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Profile: Gabriel Segal (King's College London)
  1.  75
    Gabriel M. A. Segal (2009). The Causal Inefficacy of Content. Mind and Language 24 (1):80-102.
    Abstract: The paper begins with the assumption that psychological event tokens are identical to or constituted from physical events. It then articulates a familiar apparent problem concerning the causal role of psychological properties. If they do not reduce to physical properties, then either they must be epiphenomenal or any effects they cause must also be caused by physical properties, and hence be overdetermined. It then argues that both epiphenomenalism and over-determinationism are prima facie perfectly reasonable and relatively unproblematic views. The (...)
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  2.  21
    Gabriel M. A. Segal (2013). Common Sense, Science, and ‘Spirituality. Philosophy, Psychiatry, and Psychology 20 (4):325-328.
  3.  16
    Gabriel M. A. Segal (2013). Alcoholism, Disease, and Insanity. Philosophy, Psychiatry, and Psychology 20 (4):297-315.
  4.  29
    Gabriel M. A. Segal (2001). On a Difference Between Language and Thought. Linguistics and Philosophy 24 (1):125-129.
  5.  17
    Gabriel M. A. Segal (1997). Content and Computation: Chasing the Arrowsa Critical Notice of Jerry Fodor's the Elm and the Expert. Mind and Language 12 (3&4):490–501.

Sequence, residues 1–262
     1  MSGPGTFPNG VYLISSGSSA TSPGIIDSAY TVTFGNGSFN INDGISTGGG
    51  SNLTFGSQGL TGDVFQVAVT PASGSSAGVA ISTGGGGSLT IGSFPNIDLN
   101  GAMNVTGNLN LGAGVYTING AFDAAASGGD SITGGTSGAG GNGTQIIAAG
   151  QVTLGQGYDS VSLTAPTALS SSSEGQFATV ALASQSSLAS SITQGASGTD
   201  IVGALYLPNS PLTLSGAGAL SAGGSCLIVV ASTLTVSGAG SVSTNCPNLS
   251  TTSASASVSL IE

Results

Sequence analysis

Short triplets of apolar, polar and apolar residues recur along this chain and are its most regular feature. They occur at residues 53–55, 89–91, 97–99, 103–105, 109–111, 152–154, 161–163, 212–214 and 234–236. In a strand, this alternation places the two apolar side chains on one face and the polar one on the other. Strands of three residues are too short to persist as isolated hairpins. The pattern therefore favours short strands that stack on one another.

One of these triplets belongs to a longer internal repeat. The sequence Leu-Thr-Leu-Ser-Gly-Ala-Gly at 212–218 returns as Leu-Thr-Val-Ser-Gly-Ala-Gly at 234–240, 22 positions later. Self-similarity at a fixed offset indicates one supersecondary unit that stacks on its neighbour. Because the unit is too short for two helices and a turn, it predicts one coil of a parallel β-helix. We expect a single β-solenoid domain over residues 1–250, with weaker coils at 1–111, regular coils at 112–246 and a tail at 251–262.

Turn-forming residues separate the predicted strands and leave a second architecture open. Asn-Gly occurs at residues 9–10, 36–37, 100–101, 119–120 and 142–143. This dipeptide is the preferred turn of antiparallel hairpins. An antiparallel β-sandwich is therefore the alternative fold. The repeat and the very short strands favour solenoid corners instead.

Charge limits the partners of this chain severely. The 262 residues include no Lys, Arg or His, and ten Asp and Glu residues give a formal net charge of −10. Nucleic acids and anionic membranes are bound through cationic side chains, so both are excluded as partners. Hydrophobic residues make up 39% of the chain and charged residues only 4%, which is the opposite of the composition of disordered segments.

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  6. Gabriel M. A. Segal (2002). Two Theories of Names: Gabriel M. A. Segal. Royal Institute of Philosophy Supplement 51:75-93.
    The aim of this paper is to assess the relative merits of two accounts of the semantics of proper names. The enterprise is of particular interest because the theories are very similar in fundamental respects. In particular, they can agree on three major features of names: names are rigid designators; different co-extensive names can have different cognitive significance; empty proper names can be meaningful. Neither theory by itself offers complete explanations of all three features. But each theory is consistent with (...)
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